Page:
NZR DL class


NZR DL class
NZR DL class
DL 9020 on a freight train near Papakura, Auckland
Power type Diesel
Builder Dalian Locomotive and Rolling Stock (CNR Group)
Order number 40
Model CKD-9B
Build date first 20 : 2009–2011
second 20 : 2011– †
UIC classification Co-Co
Gauge 3 ft 6 in (1,067 mm)
Length 18.5 metres (61 ft) over drawgear
18.12 metres (59.4 ft) over body
Axle load 18 tonnes (18 long tons; 20 short tons)
Locomotive weight 108 tonnes (106 long tons; 119 short tons)
Prime mover MTU 20V 4000R43‡
Alternator Yongji Electric Machine Factory JF205 Series
Traction motors Yongji Electric Machine Factory ZD126C
Power output engine 2,700 kilowatts (3,600 hp)‡
Locomotive brakes Wabtec 26L Pneumatic Air Brake
Class DL
Delivered November 2010 (1st batch – 6 units)[1]
June 2011 (2nd batch – 14 units)[2]
Current owner KiwiRail
Notes
Sources: ‡[3] , †[4] , others[5]

The NZR DL class is a class of diesel-electric locomotives manufactured for KiwiRail by Dalian Locomotive and Rolling Stock Company with engines from MTU. They are the most powerful diesel-electric locomotives in service in New Zealand.[5]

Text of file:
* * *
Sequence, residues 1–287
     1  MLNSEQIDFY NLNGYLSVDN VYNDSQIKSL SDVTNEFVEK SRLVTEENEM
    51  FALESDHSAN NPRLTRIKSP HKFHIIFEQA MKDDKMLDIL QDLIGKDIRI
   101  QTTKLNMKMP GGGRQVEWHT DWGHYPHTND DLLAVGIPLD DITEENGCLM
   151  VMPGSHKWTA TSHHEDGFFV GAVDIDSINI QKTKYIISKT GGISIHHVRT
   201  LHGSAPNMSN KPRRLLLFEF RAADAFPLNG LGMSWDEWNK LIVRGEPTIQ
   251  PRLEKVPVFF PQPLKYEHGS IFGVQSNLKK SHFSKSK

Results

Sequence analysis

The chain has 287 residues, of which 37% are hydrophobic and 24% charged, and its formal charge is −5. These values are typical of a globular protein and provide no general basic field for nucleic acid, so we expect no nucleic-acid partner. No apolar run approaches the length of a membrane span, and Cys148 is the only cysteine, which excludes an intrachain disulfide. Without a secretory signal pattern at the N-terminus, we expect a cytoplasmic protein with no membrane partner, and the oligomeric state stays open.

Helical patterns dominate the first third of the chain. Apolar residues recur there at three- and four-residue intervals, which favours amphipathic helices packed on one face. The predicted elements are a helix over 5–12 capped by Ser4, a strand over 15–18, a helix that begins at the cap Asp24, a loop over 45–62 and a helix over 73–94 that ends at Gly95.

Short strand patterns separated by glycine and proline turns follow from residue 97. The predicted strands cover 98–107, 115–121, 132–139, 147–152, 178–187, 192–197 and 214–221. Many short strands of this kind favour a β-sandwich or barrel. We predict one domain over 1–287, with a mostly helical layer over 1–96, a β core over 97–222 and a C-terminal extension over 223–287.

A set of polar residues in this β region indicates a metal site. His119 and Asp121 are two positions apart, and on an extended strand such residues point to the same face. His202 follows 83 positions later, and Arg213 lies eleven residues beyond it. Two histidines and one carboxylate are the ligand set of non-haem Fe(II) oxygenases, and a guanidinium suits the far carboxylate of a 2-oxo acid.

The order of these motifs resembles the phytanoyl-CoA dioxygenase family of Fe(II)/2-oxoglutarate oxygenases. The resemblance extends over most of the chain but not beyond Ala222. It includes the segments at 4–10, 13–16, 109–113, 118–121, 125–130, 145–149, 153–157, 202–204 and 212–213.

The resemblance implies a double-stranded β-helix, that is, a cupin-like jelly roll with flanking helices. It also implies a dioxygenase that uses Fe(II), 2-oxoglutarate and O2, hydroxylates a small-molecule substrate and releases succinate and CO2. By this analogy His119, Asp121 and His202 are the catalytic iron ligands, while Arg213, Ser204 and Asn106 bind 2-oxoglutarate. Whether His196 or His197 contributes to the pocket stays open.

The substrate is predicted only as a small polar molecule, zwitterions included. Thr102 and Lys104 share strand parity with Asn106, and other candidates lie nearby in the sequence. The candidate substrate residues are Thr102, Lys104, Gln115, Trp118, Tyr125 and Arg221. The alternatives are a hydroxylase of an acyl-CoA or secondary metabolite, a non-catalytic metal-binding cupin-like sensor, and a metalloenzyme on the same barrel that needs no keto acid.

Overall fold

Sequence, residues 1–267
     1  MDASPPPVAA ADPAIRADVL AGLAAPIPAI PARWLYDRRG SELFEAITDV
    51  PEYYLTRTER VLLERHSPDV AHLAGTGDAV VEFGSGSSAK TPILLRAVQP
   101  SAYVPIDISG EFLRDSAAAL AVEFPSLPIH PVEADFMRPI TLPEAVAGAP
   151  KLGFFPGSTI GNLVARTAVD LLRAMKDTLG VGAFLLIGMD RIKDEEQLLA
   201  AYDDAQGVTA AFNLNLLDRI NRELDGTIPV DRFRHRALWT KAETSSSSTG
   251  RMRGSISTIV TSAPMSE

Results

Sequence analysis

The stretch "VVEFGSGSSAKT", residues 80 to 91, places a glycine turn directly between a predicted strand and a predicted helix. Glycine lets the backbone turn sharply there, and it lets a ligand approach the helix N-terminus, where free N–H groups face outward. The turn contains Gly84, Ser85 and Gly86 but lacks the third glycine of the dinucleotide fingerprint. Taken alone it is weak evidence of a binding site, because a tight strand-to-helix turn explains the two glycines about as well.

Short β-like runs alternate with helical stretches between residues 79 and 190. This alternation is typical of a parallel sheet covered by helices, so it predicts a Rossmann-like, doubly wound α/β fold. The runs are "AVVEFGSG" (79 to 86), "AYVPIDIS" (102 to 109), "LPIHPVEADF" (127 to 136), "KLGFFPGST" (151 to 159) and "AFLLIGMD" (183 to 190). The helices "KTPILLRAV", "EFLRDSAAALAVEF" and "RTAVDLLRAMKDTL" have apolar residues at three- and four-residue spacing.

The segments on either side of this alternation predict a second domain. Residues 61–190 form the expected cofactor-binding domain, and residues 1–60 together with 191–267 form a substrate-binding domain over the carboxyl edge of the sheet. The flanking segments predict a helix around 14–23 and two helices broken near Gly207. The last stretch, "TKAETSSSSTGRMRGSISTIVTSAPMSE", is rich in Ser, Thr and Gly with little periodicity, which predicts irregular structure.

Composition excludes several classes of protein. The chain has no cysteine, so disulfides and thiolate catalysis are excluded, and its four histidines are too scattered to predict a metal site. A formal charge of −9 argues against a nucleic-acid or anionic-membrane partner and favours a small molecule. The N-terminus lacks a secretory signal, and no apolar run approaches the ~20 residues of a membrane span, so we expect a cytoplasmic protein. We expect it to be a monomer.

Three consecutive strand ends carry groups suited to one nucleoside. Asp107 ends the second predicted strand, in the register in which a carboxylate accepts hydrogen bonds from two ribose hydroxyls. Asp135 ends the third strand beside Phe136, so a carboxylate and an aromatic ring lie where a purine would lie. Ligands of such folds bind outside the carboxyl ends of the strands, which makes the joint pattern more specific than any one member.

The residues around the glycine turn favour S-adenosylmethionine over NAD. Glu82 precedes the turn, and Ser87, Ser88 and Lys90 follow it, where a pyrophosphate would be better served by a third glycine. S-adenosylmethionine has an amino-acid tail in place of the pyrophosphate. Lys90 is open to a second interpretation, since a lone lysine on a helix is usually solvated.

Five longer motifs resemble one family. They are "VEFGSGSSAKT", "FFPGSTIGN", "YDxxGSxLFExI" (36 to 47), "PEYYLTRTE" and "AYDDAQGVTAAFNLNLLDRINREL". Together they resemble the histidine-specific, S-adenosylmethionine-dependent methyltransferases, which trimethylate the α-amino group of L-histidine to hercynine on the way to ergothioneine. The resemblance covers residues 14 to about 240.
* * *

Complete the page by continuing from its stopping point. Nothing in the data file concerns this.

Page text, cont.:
20 locomotives were ordered in 2009 and delivered between 2010 and 2011, a further 20 units were ordered in 2011 for delivery in 2012.[6]

At introduction they were the first new diesel-electric locomotives to enter service on the New Zealand railway network in 30 years.[n 1] The purchase of the locomotives marks one of the first steps of considerable investment in KiwiRail,[7] as well as the first export order for a Chinese-built locomotive to a western country.[8]

Contents

Background history

The acquisition of new locomotives for the rail network was first proposed by Toll NZ after they purchased Tranz Rail in 2003.[9] When Toll assumed responsibility for the operation of the rail network, a new crown business was created to own and maintain the track assets; ONTRACK. However, after several years of negotiations between Toll and ONTRACK, the two parties could not come to an agreement on the amount that Toll should pay for access to the rail network (track access fees). Accordingly, Toll did not purchase any new locomotives while the track access issue remained unsolved. In July 2008, the fifth Labour Government purchased Toll Rail from Toll, renamed it KiwiRail, and merged ONTRACK into it, creating one company that controls both operations and rail infrastructure. A couple of weeks after the new company was officially launched, then State Owned Enterprises Minister Trevor Mallard announced that the government was investigating the possibility of assembling new locomotives at United Group’s Hutt Workshops facility from imported parts.[10]